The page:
Monday, January 17, 2011

What beginnings accomplish

It's probably safe to say the most revised part of most manuscripts is the beginning. The first page, first ten pages, first twenty...

Of course, a beginning isn't any more or less important than the middle or ending of your book, but it is where someone will determine whether they even want to get to the middle or end. Your opening gives us our first look into your main character, helps set the tone of the book.

All openings should accomplish two things:

1. Introduce your main character in an appealing way. This person needs to catch our attention. We need to sympathize with them on some level, need to connect to them, or - at the least - we need to think they're weird enough that we want to learn more. Readers are investing their precious time to read your book. Make it worth their while.

2. Set the scene for what's to come. You aren't going to find a science textbook opening up with a chapter on history, right? The same goes for fiction. If your book is a slow, fluid and mellow romance, don't start it with a car chase flying through L.A. Your opening scenes need to give readers an expectation of what they're getting into. Huge, melodramatic openings can be hard to follow.

Both of these lead to one main point you want your opening to accomplish: Maintain the reader's interest.

Your writing needs to be smooth, polished, fluid. Whatever scene you give us needs to not only catch our interest, but hold it. This does not need to be done by giving us that aforementioned car chase. Character interaction, tension, suspense, emotion, peril* - these are all things that will catch a reader's attention.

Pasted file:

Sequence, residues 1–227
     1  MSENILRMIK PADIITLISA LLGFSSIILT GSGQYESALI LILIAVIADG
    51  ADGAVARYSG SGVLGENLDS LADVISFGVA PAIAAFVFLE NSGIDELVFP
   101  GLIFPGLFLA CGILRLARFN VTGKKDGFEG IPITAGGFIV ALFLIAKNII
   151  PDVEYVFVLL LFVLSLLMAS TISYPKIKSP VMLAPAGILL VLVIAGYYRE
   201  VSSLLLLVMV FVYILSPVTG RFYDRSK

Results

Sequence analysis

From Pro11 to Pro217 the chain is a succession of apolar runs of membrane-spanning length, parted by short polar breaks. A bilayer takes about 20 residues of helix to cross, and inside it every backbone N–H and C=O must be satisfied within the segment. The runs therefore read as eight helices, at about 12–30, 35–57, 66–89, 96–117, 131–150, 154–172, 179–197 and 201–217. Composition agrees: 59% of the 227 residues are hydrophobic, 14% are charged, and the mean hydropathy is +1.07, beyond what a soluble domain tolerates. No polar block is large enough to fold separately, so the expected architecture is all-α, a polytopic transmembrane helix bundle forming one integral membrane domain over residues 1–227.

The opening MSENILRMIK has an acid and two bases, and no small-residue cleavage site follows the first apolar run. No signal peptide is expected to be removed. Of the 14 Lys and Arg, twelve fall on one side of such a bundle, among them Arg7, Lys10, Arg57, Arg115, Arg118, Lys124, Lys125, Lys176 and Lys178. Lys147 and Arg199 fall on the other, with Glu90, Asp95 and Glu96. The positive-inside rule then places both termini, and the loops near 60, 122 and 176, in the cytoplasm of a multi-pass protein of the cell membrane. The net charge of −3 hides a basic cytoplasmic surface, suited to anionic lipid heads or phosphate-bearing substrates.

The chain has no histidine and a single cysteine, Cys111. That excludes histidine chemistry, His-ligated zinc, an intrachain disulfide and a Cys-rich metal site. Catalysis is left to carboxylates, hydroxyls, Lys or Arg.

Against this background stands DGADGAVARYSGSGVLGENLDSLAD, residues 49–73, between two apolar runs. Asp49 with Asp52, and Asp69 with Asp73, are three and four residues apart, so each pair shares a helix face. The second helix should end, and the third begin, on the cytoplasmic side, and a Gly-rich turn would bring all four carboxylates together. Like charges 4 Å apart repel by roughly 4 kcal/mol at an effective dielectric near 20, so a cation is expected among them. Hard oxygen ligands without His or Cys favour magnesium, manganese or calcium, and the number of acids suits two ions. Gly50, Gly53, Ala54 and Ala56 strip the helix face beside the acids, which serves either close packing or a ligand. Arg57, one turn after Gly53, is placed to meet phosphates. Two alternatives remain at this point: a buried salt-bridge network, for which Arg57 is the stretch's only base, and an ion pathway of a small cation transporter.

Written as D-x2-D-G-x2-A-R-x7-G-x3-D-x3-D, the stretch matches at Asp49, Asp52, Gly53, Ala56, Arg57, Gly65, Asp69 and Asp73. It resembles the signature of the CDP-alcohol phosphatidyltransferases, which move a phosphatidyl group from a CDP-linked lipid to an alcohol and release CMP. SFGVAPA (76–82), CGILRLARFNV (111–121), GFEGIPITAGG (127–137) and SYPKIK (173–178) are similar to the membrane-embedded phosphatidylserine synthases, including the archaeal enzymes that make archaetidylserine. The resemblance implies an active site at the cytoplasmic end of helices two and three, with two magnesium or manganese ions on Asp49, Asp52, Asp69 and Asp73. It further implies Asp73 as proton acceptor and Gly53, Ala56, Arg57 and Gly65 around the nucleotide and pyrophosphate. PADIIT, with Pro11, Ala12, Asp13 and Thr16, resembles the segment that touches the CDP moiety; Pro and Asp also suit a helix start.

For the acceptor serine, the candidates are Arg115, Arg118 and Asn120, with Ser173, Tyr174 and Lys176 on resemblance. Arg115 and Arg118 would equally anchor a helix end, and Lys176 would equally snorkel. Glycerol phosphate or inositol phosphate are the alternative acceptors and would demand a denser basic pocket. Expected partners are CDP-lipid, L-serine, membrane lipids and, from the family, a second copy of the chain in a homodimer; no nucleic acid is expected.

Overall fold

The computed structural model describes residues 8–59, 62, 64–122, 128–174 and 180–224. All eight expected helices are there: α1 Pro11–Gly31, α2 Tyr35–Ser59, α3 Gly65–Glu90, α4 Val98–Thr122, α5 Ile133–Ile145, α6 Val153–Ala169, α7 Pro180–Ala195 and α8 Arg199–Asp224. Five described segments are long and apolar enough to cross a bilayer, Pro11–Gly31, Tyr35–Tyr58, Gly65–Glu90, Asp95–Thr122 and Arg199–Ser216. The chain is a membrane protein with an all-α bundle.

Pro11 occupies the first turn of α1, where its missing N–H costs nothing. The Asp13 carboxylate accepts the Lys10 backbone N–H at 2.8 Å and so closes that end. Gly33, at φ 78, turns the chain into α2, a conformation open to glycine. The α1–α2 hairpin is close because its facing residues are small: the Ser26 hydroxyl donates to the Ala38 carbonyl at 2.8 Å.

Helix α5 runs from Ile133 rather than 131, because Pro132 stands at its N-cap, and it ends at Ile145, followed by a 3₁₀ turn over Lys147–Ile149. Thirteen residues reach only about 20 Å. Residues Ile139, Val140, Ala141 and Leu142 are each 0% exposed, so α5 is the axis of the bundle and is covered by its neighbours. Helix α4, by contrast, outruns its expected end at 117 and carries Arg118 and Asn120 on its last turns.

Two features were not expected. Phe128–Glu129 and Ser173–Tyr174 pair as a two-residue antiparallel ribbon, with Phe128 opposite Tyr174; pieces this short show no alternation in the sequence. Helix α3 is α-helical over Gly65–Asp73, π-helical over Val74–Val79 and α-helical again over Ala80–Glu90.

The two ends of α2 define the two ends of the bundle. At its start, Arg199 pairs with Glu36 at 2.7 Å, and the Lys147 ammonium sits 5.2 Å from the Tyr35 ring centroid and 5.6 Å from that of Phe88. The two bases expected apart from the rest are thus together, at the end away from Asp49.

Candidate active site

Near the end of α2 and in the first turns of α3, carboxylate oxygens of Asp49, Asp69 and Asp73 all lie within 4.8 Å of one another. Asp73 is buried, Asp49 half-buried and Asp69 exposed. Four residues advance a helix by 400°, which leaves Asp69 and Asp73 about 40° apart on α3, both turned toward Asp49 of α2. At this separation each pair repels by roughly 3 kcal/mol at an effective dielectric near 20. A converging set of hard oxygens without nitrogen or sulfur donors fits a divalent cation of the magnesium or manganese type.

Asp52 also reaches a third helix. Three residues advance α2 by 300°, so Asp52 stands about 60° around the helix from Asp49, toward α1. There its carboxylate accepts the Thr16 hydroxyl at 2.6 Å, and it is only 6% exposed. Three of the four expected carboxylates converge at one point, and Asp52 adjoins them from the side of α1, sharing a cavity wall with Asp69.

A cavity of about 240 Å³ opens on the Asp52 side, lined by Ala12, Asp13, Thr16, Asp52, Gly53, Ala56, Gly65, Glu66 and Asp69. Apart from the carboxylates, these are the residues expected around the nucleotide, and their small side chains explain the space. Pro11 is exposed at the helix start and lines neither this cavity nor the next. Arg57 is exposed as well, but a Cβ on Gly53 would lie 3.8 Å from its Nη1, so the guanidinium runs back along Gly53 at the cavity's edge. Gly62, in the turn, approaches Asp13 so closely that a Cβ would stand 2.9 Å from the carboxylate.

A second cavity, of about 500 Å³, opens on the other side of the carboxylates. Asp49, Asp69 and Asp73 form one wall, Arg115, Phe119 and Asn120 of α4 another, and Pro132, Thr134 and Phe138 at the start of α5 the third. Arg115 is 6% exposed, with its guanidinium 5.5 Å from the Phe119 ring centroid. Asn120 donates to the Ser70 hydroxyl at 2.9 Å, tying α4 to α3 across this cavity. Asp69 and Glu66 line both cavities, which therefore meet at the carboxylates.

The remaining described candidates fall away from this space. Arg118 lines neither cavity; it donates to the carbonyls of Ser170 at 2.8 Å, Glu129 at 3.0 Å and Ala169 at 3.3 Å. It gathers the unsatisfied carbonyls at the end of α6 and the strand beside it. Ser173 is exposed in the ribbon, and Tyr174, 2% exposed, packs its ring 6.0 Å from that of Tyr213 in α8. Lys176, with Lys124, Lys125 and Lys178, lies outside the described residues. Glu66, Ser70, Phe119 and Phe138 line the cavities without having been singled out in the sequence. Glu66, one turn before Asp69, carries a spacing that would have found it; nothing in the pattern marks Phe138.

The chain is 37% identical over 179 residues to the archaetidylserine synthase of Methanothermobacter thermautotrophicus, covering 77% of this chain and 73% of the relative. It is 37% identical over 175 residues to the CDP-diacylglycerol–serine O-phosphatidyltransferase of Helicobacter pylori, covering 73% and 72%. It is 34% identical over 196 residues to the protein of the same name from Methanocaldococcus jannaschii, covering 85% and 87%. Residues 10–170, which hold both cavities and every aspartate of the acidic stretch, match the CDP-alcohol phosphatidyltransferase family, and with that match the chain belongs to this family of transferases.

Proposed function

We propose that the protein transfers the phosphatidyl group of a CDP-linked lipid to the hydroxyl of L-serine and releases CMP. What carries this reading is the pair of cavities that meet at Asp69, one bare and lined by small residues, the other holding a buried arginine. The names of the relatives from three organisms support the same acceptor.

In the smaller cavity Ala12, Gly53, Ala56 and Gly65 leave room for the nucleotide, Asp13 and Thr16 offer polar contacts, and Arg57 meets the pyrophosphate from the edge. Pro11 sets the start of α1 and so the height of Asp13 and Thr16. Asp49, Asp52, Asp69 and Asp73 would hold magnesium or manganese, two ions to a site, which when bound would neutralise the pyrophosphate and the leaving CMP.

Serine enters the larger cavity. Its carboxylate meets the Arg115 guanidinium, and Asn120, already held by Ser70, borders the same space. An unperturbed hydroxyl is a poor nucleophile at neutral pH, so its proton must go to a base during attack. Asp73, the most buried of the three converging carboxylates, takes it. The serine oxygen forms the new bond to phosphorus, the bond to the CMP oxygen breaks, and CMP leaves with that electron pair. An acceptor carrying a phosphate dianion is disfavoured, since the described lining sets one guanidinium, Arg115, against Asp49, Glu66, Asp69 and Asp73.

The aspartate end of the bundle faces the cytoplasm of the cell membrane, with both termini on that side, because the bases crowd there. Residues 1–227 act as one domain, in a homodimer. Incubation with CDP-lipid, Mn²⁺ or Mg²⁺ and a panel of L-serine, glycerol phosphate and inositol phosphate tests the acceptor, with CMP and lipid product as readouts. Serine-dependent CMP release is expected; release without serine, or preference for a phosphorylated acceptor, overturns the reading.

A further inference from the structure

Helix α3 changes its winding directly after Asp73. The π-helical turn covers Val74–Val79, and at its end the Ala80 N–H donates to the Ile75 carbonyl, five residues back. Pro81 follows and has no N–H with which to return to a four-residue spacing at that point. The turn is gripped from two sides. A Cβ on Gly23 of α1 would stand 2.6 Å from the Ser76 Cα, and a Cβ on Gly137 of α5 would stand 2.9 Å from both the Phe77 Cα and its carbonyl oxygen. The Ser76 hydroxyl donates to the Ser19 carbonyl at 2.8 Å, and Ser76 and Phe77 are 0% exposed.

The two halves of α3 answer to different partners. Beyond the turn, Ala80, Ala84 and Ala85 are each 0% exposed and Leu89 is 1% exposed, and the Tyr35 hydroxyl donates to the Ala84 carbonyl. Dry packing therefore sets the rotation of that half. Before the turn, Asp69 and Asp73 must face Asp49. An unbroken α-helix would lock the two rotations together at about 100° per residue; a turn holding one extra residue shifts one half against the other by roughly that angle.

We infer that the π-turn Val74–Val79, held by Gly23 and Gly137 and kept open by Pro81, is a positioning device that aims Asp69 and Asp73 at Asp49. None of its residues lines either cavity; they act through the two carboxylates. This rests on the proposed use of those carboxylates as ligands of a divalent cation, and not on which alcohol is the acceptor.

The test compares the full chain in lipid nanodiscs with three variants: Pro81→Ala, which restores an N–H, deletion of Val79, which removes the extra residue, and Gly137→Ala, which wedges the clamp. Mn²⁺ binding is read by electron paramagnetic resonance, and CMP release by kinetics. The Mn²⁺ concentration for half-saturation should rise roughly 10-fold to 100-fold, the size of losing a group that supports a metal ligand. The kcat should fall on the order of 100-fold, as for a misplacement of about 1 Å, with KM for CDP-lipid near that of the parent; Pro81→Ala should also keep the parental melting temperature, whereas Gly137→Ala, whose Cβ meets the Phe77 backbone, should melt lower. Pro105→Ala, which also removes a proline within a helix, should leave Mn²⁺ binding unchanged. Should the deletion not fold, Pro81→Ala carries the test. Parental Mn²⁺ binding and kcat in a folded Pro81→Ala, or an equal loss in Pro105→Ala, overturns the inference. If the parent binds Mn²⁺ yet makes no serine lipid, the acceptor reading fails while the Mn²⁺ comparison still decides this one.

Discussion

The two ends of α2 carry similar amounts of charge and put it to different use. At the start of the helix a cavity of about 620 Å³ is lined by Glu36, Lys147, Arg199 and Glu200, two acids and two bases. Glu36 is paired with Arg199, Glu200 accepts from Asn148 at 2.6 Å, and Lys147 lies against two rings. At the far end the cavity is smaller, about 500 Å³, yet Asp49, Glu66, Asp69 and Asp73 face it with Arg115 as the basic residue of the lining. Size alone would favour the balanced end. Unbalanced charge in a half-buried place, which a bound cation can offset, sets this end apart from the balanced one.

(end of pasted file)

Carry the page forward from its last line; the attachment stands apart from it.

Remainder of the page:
(*when I say 'peril,' I mean actual peril. Don't have your character hanging off a cliff, barely holding on, and reveal a few pages later that it was a dream.)

In my experience with my own writing, I redo openings so many times because I am still getting a feel for my characters. All that crummy info-dump and drivel in my first few pages I end up trimming and revising? Is because these characters are often new to me and I'm figuring them out by writing. I've noticed my books need less revision toward the end. I would say 70% of all my trimming/cutting happens within the first half.

Start your story where it starts.

Don't bog us down with background information. Your character should be moving, doing something. We don't need to see an ordinary day in your character's life. Don't start with Sally staring in the mirror and admiring her raven-colored hair, putting on her makeup, thinking to herself how she wants Johnny to ask her to the school dance while she eats breakfast. Instead, have her running into Johnny in the hall, have him asking her to that dance. Start with a bang. Start right at the edge of where things change.

The Writer's Digest book on Plot words it perfectly:

Don't tell how the protagonist decided to go out and buy fireworks, how much they cost, how he brought them home, how he stored them, what his wife said. Begin when the fuse is lit and the reader sees a bang coming any minute.